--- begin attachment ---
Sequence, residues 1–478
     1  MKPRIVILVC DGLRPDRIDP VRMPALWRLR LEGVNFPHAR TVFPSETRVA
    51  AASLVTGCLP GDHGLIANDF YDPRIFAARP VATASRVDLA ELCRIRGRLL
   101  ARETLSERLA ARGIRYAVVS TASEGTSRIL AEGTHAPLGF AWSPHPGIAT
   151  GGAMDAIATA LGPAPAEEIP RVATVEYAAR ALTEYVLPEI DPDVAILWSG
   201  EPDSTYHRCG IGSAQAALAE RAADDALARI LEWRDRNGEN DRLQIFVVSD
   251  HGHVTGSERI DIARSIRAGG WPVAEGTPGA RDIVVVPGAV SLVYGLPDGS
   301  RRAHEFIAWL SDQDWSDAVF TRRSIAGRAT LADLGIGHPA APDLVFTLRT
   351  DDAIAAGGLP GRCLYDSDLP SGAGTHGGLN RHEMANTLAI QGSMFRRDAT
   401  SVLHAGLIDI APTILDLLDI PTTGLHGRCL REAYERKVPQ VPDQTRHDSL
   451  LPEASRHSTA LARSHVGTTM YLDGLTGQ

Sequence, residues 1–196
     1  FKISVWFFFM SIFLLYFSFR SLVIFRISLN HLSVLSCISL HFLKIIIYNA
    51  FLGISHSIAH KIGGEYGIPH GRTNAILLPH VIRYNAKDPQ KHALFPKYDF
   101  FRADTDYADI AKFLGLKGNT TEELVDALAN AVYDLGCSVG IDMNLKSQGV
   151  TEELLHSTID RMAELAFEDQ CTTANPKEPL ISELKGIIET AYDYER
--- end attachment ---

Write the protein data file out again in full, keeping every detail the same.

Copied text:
Sequence, residues 1–478
     1  MKPRIVILVC DGLRPDRIDP VRMPALWRLR LEGVNFPHAR TVFPSETRVA
    51  AASLVTGCLP GDHGLIANDF YDPRIFAARP VATASRVDLA ELCRIRGRLL
   101  ARETLSERLA ARGIRYAVVS TASEGTSRIL AEGTHAPLGF AWSPHPGIAT
   151  GGAMDAIATA LGPAPAEEIP RVATVEYAAR ALTEYVLPEI DPDVAILWSG
   201  EPDSTYHRCG IGSAQAALAE RAADDALARI LEWRDRNGEN DRLQIFVVSD
   251  HGHVTGSERI DIARSIRAGG WPVAEGTPGA RDIVVVPGAV SLVYGLPDGS
   301  RRAHEFIAWL SDQDWSDAVF TRRSIAGRAT LADLGIGHPA APDLVFTLRT
   351  DDAIAAGGLP GRCLYDSDLP SGAGTHGGLN RHEMANTLAI QGSMFRRDAT
   401  SVLHAGLIDI APTILDLLDI PTTGLHGRCL REAYERKVPQ VPDQTRHDSL
   451  LPEASRHSTA LARSHVGTTM YLDGLTGQ

Sequence, residues 1–196
     1  FKISVWFFFM SIFLLYFSFR SLVIFRISLN HLSVLSCISL HFLKIIIYNA
    51  FLGISHSIAH KIGGEYGIPH GRTNAILLPH VIRYNAKDPQ KHALFPKYDF
   101  FRADTDYADI AKFLGLKGNT TEELVDALAN AVYDLGCSVG IDMNLKSQGV
   151  TEELLHSTID RMAELAFEDQ CTTANPKEPL ISELKGIIET AYDYER